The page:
‘The way we operate’ ● Where are the wages? ● Splitting us in two

Tuesday, February 5, 2019




► In today’s Yakima H-R — Window, door maker Jeld-Wen announces plans to close Yakima plant; 180 jobs affected — Jeld-Wen has notified local and state officials of the closure. It has a program in place to move employees to its other facilities or provide outplacement services for those who will transition to new jobs, a company spokesman said, adding: “The Yakima facility closure will support our value of improving daily by doing everything we can to advance the way we operate and do business.”

EDITOR’S NOTE — Reread that quote. What the hell does that mean? Anything?

► From Crosscut — Despite city’s efforts, Seattle police force is shrinking — After the city force shrunk by 41 officers last year, Mayor Durkan is scrambling to recruit with $15,000 bonuses.




► In today’s (Everett) Herald — State panel bumps up pay for lawmakers, governor and judges — State lawmakers are set to get a nearly 17 percent pay raise this summer. And salaries for governor, the eight other statewide executives and hundreds of judges are climbing as well, courtesy of action Monday by the independent citizen commission that decides pay scales for the state’s legislative, executive and judicial branches.

► From AP — Inslee signs update to deadly force initiative — Supported by both activists and police groups, the signing brought to a close a long, often contentious process that included drawn-out negotiations between the two sides.

► In the Cascadia Advocate — Kris Lytton, Liz Lovelett, and Trevor Smith nominated to replace Kevin Ranker in 40th LD — A special nominating caucus called by State Democratic Party Chair Tina Podlodowski has drawn up a list of three individuals to replace resigned state Sen. Kevin Ranker (D-40th). They are Kris Lytton (who recently retired from the House), Liz Lovelett (a member of the Anacortes City Council), and Trevor Smith (Business Agent for LIUNA Local 292 and Secretary-Treasurer of the Northwest Washington Central Labor Council).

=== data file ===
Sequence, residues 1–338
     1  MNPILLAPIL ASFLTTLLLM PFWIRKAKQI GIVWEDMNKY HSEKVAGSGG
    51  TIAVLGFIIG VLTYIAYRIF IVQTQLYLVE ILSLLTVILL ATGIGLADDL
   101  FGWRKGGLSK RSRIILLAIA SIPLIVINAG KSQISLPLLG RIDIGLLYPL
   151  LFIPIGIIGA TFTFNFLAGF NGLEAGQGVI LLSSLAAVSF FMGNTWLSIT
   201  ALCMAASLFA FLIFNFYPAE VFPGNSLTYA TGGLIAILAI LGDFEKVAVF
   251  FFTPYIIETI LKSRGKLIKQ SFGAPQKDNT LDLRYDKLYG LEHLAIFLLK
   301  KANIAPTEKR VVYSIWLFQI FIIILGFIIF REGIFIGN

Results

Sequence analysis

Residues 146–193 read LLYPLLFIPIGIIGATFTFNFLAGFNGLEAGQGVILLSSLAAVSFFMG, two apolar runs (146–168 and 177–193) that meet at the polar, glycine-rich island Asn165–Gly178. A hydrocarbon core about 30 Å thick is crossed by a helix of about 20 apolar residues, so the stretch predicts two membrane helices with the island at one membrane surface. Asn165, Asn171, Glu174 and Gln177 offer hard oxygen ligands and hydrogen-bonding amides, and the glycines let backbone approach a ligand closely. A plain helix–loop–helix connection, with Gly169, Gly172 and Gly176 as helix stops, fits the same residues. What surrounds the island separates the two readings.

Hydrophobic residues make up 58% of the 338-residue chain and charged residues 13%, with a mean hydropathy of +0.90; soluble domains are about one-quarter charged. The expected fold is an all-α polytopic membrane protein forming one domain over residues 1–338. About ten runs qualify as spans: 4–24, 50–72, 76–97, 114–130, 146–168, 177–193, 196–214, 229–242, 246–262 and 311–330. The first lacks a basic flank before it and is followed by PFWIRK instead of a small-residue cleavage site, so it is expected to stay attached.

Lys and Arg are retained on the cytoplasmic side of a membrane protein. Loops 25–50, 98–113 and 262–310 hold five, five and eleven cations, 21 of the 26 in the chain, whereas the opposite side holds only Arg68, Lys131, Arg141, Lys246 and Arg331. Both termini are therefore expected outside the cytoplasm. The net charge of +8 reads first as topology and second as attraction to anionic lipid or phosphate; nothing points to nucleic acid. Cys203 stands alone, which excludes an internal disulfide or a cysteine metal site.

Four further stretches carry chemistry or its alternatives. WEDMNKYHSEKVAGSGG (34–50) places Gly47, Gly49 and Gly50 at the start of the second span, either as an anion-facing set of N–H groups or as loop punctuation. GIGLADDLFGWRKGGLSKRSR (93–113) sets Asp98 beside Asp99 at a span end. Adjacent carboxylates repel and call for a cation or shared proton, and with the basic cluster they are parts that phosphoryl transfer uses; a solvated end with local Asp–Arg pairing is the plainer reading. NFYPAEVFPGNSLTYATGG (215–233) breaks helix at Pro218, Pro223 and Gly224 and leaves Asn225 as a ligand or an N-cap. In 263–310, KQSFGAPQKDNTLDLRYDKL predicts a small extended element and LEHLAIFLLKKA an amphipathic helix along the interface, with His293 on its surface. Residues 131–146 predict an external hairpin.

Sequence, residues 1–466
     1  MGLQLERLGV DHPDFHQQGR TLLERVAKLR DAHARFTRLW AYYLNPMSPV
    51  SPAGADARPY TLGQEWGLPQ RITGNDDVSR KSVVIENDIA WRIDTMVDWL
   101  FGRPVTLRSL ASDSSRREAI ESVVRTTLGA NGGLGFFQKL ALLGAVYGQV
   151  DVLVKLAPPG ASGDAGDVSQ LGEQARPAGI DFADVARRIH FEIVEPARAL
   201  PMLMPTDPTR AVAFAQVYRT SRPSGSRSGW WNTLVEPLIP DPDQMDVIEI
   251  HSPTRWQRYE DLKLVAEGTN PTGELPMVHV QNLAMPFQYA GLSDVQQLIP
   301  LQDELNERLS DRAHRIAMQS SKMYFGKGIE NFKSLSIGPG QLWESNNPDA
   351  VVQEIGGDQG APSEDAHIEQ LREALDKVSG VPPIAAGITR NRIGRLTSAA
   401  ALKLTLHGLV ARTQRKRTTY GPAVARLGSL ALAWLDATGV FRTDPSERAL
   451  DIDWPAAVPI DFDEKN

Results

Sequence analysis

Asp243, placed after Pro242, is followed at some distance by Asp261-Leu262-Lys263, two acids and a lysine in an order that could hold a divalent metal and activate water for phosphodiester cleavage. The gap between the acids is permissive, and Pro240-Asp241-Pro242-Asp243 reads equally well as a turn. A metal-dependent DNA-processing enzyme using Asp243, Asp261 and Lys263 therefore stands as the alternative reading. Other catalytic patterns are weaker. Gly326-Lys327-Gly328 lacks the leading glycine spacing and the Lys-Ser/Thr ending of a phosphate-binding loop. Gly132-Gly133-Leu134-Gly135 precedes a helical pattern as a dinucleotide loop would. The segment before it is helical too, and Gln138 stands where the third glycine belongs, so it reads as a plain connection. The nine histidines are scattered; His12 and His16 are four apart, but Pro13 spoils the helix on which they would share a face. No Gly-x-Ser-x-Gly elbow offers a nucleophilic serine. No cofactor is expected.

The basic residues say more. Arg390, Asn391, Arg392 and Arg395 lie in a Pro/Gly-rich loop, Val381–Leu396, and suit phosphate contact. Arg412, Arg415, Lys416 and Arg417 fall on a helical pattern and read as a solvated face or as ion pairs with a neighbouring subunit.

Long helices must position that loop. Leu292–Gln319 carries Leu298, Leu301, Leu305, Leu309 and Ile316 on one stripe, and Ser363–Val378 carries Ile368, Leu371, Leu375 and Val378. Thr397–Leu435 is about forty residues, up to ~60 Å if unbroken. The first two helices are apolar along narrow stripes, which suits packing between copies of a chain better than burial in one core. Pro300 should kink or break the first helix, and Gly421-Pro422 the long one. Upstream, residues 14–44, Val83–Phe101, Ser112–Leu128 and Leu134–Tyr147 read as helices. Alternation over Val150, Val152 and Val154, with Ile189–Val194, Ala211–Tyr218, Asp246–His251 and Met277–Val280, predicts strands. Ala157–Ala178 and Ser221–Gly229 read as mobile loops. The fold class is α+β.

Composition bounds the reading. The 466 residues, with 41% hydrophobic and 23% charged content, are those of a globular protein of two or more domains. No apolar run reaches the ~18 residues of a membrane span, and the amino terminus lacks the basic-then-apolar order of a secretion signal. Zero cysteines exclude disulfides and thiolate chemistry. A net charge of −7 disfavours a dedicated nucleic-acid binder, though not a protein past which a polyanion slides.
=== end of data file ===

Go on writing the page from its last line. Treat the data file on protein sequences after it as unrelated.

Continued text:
► In today’s Washington Post — State of the Union address: Trump to pitch bipartisanship amid rancor with Democrats — Trump is expected to call for more bipartisan cooperation in his State of the Union address Tuesday night as he stands before a Congress bitterly divided over his demand for border-wall funding that resulted in a 35-day partial government shutdown.

► In today’s NY Times — A more honest State of the Union (editorial) — America has many needs. A 30-foot-high wall on the Mexican border is not one of them.

► In the Boston Globe — Warren invites federal worker affected by shutdown to State of the Union — Sajid Shahriar, who is based in Massachusetts and works for the Department of Housing and Urban Development, was furloughed for the length of the 35-day shutdown.

EDITOR’S NOTE — Sen. Patty Murray has reportedly invited Alex Navarro, an air traffic controller who is married to a fellow air traffic controller.

► From The Hill — Poll: Supporting ‘Medicare for All’ helps presidential candidates — Presidential hopefuls who back universal, government-provided health care are more likely to receive public support than candidates who don’t, according to a new poll.

► From Newsweek — More than 80% of Americans want undocumented immigrants to have ‘chance to become U.S. citizens’ — The Gallup poll found that at least 81 percent of Americans would like to see immigrants provided with a path to citizenship.

► From Reuters — Prosecutors subpoena Trump inaugural committee for documents — The subpoena requests documents related to the committee’s donors and spending. The investigation is examining whether some of the committee’s donors gave money in exchange for policy concessions and whether any foreigners illegally donated to the committee.

► From Politico — The plan to keep Trump’s taxes hidden — The Trump administration wants to drag an expected Democratic request for the president’s tax returns into a quagmire of arcane legal arguments.